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US Dollar Value
Because the currency value was based on the weight of its main component, the relative value of a gold coin or a silver coin actually rose and fell depending on how valuable the metal was. The more or valuable gold became, the more or less the gold piece could buy. The same was true for silver-weight coins. The relative value of the coins' purchasing power changed only with a significant adjustment of the influx or out-flux of those metals within the country's economy.
In 1834, the rising value of gold caused nearly all the gold coins minted to be melted. As a result, the 15:1 ratio of silver to gold ratio was changed to 16:1 by reducing the amount of gold in coins the first devaluation of the United States dollar.
In 1853, the United States unofficially placed itself on the gold standard by reducing the weight of US silver coins, except the US dollar which was rarely used at the time.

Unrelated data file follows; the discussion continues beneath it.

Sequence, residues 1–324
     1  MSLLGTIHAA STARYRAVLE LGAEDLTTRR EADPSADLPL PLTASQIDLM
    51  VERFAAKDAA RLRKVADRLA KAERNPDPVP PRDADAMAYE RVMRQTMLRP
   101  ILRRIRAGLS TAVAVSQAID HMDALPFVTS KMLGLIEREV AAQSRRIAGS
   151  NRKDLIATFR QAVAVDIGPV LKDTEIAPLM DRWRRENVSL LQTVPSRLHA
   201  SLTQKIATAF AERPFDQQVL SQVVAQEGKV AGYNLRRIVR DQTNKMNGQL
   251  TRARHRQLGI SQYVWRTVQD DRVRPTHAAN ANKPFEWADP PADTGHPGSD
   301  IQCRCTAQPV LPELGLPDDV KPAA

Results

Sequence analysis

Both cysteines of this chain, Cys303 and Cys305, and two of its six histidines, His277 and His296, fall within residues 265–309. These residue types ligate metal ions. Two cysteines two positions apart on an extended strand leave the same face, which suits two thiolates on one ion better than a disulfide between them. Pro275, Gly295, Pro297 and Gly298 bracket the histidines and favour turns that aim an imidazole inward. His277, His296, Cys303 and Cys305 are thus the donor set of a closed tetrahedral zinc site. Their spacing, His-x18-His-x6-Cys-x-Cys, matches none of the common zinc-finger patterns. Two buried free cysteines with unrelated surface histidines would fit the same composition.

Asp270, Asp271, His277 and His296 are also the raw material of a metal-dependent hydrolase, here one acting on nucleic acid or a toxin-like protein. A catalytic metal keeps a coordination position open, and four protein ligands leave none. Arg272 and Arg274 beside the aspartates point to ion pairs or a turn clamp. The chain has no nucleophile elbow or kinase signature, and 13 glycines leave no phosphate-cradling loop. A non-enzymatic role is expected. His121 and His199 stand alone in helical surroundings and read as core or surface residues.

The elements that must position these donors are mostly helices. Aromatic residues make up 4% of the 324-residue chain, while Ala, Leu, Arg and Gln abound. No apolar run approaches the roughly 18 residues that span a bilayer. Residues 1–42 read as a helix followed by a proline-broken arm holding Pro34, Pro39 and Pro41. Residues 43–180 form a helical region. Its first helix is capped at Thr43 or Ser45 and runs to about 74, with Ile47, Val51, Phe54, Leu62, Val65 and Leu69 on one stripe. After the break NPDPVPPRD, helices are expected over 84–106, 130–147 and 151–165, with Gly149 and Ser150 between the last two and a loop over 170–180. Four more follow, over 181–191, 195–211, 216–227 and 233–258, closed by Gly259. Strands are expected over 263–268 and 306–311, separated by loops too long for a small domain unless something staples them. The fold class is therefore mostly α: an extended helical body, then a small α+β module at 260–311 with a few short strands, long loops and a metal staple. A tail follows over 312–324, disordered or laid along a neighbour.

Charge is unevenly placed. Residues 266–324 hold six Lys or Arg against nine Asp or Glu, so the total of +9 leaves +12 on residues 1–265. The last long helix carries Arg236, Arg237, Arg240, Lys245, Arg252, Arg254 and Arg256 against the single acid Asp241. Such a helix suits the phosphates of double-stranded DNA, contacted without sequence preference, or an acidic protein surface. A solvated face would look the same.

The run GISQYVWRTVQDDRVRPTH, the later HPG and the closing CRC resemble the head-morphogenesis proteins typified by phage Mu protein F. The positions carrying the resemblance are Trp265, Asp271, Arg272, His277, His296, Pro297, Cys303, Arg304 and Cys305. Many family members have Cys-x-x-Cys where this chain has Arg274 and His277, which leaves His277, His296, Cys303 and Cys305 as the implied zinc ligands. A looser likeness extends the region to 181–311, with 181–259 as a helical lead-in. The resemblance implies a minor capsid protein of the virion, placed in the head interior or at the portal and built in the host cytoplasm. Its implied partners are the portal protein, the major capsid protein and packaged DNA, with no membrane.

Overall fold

In 1861, the United States of America issued its first government-backed paper currency. Congress authorised the Treasury Department to print and issue non-interest-bearing Demand Bills to finance the Civil War. From that date forward, United States currency has been remitted based on face value for both coins and paper bills not based on content relative value.
Demand Bills were replaced one year later by United States Notes.
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